Create a Puzzle-based Scavenger Hunt

For 15 years Christmas Eve has included a family treasure hunt. We have created many different types, including clues written in Spanish, virtual reality, longitude and latitude coordinates, riddles, audio files, videos and QR codes hidden around town. As my kids near legal drinking age the format and difficulty has morphed into a series of brainteasers, with clues that lead to the next puzzle.


What follows is a walk-through of this year’s treasure hunt. Including online resources for designing your own hunt and lessons learned from challenges that did not turn out as expected.


While this example is specific for the holidays, the format and clues can easily be adapted to any event. I have created them for birthdays, social events and even as a way to engage the family on a summer Saturday. Hopefully this will help you get started with your own treasure hunt. If you have questions or would like more information, please feel free to contact me at

The kids were wondering when the treasure hunt would start. They knew it would begin around 1:30, but they had seen very little preparation on my part. The first set of puzzles were hidden in the Monopoly box. To kick things off I found one of the least flattering photos I could, and Photoshopped the Top Hat on my head, saving it online.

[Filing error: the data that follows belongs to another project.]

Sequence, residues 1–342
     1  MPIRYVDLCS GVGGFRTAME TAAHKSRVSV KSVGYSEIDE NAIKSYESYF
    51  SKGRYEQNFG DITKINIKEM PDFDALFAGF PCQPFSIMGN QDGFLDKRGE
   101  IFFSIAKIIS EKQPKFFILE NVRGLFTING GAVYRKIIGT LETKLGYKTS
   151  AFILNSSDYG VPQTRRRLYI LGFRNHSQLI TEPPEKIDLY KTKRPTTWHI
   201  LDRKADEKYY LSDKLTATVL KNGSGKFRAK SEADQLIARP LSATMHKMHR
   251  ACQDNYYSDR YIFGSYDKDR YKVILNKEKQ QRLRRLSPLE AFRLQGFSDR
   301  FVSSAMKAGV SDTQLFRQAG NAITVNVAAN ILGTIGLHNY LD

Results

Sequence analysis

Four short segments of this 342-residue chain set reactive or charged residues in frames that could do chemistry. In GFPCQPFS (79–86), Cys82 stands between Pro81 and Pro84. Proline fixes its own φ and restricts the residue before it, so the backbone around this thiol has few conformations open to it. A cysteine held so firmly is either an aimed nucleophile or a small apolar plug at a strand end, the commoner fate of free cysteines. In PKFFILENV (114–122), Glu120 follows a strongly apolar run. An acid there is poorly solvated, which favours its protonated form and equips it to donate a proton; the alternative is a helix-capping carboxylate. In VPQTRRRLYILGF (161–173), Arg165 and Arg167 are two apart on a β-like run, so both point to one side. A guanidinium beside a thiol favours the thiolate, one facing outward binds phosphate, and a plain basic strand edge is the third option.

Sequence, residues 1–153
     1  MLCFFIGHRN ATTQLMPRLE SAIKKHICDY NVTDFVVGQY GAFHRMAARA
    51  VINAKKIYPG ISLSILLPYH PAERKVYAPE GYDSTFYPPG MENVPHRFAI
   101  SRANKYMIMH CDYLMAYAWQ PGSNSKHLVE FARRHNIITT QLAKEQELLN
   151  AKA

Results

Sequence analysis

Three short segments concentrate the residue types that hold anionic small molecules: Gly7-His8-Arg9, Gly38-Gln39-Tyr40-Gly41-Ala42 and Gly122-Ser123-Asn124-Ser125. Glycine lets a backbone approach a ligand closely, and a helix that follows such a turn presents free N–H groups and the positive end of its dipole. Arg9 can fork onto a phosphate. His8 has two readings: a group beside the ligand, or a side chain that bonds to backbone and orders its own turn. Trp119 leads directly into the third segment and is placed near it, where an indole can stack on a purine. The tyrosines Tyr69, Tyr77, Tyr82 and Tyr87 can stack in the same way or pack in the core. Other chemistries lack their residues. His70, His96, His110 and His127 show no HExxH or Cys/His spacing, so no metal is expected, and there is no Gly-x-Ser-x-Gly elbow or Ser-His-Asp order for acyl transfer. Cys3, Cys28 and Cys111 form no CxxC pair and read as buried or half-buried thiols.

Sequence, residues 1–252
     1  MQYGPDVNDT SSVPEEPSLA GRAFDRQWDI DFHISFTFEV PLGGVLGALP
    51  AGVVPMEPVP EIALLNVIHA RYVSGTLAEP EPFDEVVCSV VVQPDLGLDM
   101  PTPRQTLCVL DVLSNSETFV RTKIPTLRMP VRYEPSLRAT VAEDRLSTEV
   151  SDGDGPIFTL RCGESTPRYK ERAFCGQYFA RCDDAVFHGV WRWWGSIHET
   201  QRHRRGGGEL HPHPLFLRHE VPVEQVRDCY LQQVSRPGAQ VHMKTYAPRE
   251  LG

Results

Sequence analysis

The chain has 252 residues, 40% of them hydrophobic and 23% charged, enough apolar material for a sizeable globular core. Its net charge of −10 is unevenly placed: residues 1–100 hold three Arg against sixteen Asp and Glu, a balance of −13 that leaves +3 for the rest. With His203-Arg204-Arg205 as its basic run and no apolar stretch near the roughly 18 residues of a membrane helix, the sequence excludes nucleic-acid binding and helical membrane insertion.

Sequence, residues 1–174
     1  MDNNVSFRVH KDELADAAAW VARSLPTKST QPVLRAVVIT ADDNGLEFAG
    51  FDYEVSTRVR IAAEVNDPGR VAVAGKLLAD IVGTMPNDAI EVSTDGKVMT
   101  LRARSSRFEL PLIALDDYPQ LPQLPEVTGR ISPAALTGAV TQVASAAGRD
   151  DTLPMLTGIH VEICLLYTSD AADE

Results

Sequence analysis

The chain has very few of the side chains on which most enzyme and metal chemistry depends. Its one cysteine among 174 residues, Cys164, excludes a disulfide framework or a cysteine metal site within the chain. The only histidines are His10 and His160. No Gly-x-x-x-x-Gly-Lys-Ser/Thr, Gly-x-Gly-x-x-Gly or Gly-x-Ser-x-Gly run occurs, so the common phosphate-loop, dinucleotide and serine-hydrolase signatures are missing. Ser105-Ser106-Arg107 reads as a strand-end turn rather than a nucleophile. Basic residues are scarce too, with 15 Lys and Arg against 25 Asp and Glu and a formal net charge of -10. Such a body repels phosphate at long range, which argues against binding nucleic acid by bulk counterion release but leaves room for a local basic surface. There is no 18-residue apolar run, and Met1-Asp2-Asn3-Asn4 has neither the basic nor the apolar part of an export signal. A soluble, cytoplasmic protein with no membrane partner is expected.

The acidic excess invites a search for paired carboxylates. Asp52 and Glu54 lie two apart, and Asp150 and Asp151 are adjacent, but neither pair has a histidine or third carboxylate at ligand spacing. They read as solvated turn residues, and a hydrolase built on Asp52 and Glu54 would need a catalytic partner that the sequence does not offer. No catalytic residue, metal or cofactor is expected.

The kids were scattered around the house when they all received a text message with the URL. It was fun to watch them emerge, talk with each other, and realize “The Game is On”.

Each of my four children have very different interests. In an effort to foster a spirit of collaboration for the entire treasure hunt I designed the clues for the word search where only one would know the answer to each clue. One daughter is getting ready to attend college in Chicago, one knew the new characters of Star Wars, one is an avid Ultimate Frisbee player and one is a very good Magic player. Numbers 16-18 are the names of our dogs. Why is number 2 Michigan and not Illinois? I don’t know, I messed up.


I leveraged Discovery Education’s online puzzle maker to create the word search.


The clue for finding the next installment of the treasure puzzle was a short video I created. Each year we do a formal family portrait. Ten years ago we took a family trip to Hong Kong and the kids were never fond of the matching shirts we purchased. Especially when we wore them for that year’s family photo. The video prompted them to find a packet of puzzles behind the photo.

Click to play video clue

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